We proceeded to remove the turf from the entire side yard. The only thing we would spare is the spindly Fig Tree we rescued from someone's trash and planted last year. I chose the location based mostly on the fact that it is the only piece of our yard that gets full sun. This piece of the front yard was hardscrabble at best: I have never really taken care of it. It had been reseeded at some point with a type of grass completely inappropriate for the blistering Central Texas summers. And unfortunately, because it sits on the corner of our lot it gets a lot of dog traffic, and not all of my neighbors are as consistent about cleaning up after their dogs as I am.

I harbor high hopes that by revamping this area from a rough-and-tumble piece of turf into a thriving garden it will curb some of the ill-mannered littering that goes on there. I know for sure it will look better- lusher, greener, and more lived-in. These are the added benefits of my new kitchen garden.

My sturdy helper ran that tiller all day. I followed behind. Slowly, and with much tedium we picked and plucked every bit of old grass and weeds out of the area. We raked and re-raked. And at the end of a very long day we retired to the couch with take-out, a bottle of Vihno Verde, and a Woody Allen movie.

Sunday we rose again, feeling rested, refreshed, and pleased as punch with ourselves for what we had accomplished on Saturday. We loaded the rented tool into the back of my tiny car, and made the quick trip back to return the rental and purchase the lumber we would need to finish the job.

We spent a good portion of the day building the beds. We used untreated lumber, and I highly recommend that if you try this at home you also use untreated lumber. The chemicals used to weatherproof lumber can leech into your soil, and therefore your food. We built a total of seven 4' x 4' raised beds and arranged them randomly around our newly tilled piece of land. These beds will give me a total of 112 sq. ft. of kitchen garden, which isn't overly ambitious by anyone's standards, but is plenty for a household of two.

The previous week I had made the trip out to The Natural Gardner - my local organic garden center and nursery. When I walked in I asked for help, and I was lucky enough to have asked someone who was not only willing but able to help a lot. I told her my plan, showed her my drawings, and made it clear that I was a transplant from Minnesota and that this was my first attempt at gardening in Texas. She was a fountain of useful information; providing me with charts of what to plant when, and which varieties are best adapted to our growing conditions. She showed me the seeds, talked about soil amendments, and then marched me off to the dispatch office to hook me up with some dirt.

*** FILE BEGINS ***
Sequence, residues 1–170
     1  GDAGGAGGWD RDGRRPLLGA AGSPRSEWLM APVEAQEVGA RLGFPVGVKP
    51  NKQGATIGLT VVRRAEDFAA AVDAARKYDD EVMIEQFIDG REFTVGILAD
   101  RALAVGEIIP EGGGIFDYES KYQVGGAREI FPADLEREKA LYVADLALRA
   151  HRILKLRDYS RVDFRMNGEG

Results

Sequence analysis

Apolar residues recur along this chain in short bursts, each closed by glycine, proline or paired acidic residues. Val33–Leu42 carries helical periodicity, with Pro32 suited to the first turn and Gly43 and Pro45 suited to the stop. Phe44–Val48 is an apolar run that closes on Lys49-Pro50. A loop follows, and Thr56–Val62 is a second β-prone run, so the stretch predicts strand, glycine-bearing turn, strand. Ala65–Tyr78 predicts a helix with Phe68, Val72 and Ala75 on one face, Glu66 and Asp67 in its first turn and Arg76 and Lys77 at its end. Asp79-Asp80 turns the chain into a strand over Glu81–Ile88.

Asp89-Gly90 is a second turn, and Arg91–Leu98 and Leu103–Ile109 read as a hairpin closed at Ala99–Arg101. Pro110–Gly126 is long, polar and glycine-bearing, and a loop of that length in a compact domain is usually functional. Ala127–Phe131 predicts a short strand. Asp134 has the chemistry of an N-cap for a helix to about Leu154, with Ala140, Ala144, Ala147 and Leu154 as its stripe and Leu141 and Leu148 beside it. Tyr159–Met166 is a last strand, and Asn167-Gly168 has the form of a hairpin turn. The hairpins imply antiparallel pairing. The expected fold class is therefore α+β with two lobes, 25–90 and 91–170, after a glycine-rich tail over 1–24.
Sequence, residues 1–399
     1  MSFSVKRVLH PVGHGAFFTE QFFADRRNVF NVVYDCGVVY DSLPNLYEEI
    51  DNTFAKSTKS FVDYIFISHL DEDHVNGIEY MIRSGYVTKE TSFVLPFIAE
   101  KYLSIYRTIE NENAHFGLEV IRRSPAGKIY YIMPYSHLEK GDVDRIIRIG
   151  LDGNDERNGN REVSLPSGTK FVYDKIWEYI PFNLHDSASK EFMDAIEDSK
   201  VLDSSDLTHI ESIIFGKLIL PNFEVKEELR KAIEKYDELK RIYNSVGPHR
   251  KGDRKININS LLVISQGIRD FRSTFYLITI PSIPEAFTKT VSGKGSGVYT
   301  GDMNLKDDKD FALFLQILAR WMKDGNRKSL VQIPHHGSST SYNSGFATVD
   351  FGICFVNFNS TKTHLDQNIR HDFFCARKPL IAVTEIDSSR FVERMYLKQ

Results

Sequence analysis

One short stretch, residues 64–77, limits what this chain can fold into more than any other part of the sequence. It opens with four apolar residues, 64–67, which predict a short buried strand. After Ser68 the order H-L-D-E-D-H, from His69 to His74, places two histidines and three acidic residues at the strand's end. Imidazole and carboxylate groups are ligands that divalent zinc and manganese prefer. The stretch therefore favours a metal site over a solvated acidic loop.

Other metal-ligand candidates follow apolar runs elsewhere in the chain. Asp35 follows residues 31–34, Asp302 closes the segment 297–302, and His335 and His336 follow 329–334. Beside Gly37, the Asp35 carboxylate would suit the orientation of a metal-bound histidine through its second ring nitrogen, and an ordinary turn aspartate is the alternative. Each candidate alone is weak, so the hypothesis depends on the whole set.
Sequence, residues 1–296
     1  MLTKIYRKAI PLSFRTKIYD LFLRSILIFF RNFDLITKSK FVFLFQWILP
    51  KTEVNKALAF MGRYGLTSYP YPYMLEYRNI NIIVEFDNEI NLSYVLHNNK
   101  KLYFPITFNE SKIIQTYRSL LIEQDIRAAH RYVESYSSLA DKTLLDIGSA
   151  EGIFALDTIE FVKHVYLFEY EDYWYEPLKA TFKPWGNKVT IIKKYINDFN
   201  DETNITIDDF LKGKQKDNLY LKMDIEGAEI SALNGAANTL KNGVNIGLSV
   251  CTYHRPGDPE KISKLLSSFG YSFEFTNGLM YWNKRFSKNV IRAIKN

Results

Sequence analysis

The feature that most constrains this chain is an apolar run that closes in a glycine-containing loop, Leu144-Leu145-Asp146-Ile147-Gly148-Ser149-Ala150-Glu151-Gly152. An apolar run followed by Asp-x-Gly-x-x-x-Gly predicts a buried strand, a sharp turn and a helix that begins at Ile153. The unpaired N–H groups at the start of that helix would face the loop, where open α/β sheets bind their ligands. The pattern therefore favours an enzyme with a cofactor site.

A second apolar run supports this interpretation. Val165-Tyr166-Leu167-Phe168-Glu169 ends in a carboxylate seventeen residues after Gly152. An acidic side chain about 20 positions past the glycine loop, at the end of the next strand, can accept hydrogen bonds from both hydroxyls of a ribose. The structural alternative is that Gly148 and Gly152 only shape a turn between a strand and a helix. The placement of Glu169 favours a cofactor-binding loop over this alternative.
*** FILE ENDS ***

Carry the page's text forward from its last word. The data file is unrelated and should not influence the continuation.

That truckload of organic soil was delivered to me and my waiting raised beds mid-week. Based on a bit of complicated math, I had ordered 3 cubic yards, which is a lot. Not being one to sit around when there's work to be done, and motivated by my excitement and enthusiasm, I filled all of my beds that same afternoon. Wheelbarrow load by wheelbarrow load, I got the job done. Then I added the recommended soil amendments; Glistening Green Sand, which is basically potash and iron, Cottonseed Meal, and worm castings.

As it turned out, I had too much dirt for the job. About 1 cubic yard too much. I blame the math. Fortunately, I have friends who garden and I was able to gift the extra dirt to them. I was glad to do it, and they were glad to have it.

By dinner on Sunday the construction of the new kitchen garden was complete. The best thing about the construction process was a realization that I had picked an ideal location for my new kitchen garden. Not just for all the reasons I stated above, but because I was out there in plain view while I worked and people noticed. Countless folks stopped to chat, ask questions and offer their encouragement. It became clear that I would not only harvest edibles from this space, I will also get to know my neighbors, and the folks who travel around the neighborhood. This is a benefit I had not forecast, but which I welcome.

Stay tuned for Part III - In which I plant the Kitchen Garden.